I’d like to suggest that these two definitions are in tension with one another. Their tension raises an important question: What does it mean to act?
#1 suggests that acting is essentially doing something. Acting is the catch-all category for how human beings “be” in the world. At every moment, with every breath, through every utterance and every gesture we act. Our act-ing conveys important information about who we are and what we stand for. Indeed we are all likely to be judged by others on the basis of our act-ions. Ideally we act in a way that expresses our commitments, beliefs, and values. Perpetually in motion, perpetually act-ing and being act-ed upon is basically the human condition. We can’t help but be authentic, for better or worse, because it’s impossible to mediate every act through a filter– we simply act too much and too often. As the sum total of our deeds, we do well to consider the authentic self that is expressed in each act. To act is to reveal ourselves to anyone that might be paying attention.
#8 suggests that acting is performative. Acting is about putting on a show and being an actor. Sometimes we know we’re doing it, sometimes others know we’re doing it, and sometimes we’re completely unaware (willfully or out of ignorance). Rather than being a vehicle for conveying our authenticity, acting is a way of concealing and hiding our true self.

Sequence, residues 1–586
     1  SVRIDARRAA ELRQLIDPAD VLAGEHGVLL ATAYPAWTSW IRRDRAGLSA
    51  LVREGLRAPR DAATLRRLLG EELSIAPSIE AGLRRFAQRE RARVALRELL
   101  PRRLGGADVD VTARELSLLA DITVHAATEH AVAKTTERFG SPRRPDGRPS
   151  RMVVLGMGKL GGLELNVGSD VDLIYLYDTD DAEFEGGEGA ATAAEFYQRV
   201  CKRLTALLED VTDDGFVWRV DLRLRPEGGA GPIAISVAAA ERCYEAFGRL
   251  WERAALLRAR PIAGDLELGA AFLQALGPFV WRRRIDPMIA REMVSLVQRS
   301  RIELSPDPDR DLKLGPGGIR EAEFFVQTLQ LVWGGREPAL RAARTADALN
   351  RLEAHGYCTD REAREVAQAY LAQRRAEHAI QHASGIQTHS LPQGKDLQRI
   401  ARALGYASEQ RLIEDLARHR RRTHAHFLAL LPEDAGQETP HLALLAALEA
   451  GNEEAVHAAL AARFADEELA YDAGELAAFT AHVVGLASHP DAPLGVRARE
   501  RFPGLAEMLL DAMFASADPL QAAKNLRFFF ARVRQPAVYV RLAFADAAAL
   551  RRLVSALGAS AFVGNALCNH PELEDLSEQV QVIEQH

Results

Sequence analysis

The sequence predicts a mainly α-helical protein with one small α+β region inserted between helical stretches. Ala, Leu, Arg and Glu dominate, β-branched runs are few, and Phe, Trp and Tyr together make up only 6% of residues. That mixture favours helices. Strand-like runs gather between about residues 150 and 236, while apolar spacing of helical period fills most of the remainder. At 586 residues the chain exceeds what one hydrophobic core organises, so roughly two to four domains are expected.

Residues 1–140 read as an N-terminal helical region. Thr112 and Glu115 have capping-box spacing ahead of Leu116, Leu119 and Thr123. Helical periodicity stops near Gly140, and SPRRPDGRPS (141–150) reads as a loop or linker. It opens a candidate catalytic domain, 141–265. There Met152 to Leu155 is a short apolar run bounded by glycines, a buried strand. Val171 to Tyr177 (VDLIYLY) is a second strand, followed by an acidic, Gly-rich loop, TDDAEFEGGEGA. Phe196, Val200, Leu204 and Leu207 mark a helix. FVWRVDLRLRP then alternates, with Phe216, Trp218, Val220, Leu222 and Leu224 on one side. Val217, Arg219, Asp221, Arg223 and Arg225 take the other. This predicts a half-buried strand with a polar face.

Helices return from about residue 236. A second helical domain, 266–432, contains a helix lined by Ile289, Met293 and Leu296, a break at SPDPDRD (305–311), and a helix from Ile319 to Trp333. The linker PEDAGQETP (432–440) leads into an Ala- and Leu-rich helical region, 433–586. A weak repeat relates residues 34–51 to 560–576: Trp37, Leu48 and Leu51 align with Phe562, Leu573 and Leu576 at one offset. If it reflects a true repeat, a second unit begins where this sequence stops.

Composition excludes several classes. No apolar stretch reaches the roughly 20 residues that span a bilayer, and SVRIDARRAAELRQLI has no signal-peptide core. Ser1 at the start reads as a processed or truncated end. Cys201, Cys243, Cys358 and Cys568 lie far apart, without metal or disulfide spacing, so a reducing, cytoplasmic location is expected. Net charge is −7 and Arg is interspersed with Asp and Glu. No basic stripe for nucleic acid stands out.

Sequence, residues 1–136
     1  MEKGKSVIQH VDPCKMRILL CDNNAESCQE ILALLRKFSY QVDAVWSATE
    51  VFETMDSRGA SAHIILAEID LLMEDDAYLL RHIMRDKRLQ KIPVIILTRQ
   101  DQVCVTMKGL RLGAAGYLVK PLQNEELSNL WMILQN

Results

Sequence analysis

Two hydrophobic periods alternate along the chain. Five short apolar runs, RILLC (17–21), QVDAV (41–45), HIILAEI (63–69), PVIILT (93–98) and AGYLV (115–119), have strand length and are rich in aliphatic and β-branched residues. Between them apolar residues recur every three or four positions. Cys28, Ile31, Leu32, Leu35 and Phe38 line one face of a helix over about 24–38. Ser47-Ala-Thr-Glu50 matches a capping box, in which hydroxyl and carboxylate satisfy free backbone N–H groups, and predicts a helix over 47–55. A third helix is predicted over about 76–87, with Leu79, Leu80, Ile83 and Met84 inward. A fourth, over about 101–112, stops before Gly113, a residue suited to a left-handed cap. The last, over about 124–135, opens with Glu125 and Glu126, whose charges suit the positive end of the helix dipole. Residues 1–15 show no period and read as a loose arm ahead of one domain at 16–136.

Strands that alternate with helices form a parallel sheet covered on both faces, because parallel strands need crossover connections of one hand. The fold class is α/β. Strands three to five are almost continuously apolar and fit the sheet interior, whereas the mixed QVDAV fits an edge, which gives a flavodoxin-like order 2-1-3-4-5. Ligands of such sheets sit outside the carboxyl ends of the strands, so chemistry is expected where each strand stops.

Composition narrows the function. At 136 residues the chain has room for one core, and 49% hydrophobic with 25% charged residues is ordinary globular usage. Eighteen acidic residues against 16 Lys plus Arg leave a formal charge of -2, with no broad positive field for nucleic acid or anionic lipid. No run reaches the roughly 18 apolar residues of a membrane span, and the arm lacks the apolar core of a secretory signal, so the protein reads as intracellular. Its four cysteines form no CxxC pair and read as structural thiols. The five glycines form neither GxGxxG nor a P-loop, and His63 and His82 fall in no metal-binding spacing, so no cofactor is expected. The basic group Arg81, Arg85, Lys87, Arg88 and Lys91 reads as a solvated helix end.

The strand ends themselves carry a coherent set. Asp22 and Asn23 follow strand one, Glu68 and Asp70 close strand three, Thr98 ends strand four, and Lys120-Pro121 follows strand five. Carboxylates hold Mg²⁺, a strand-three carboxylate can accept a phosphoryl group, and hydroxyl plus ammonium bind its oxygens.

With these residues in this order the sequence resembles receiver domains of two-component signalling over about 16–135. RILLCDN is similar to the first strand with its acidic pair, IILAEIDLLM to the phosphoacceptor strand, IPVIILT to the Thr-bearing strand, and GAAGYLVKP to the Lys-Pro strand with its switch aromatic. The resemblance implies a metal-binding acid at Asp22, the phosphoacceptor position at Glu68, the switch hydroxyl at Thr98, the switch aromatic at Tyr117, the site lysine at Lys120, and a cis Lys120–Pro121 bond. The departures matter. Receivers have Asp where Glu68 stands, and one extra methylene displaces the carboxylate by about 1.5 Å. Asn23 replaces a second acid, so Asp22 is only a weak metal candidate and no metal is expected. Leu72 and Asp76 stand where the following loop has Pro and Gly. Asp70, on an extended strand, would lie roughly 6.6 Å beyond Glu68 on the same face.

When we act do we reveal or conceal? When we act do we give voice to an authentic or essential self or do we put on a show? The likely answer is both (and often at the same time).
The Hebrew month of Elul asks us to look at our deeds. When we do we can attempt to categorize them. As we categorize we can assess whether our actions reveal or conceal our truest selves. Through the act of reflection we can begin to understand more deeply how navigate our days. We can look for tensions, ruptures, impediments, themes, metaphors, and motifs. As we inevitably fluctuate between #1 and #8 we can become more mindful of the true impact of our act.